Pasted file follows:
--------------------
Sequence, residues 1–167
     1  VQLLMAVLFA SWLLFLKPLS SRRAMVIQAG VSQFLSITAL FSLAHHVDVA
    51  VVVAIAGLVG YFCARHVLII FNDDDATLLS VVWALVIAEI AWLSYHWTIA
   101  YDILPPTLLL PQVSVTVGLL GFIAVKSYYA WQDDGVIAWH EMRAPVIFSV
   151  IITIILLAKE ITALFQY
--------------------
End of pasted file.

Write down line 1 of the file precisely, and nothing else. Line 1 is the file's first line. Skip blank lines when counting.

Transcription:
Sequence, residues 1–167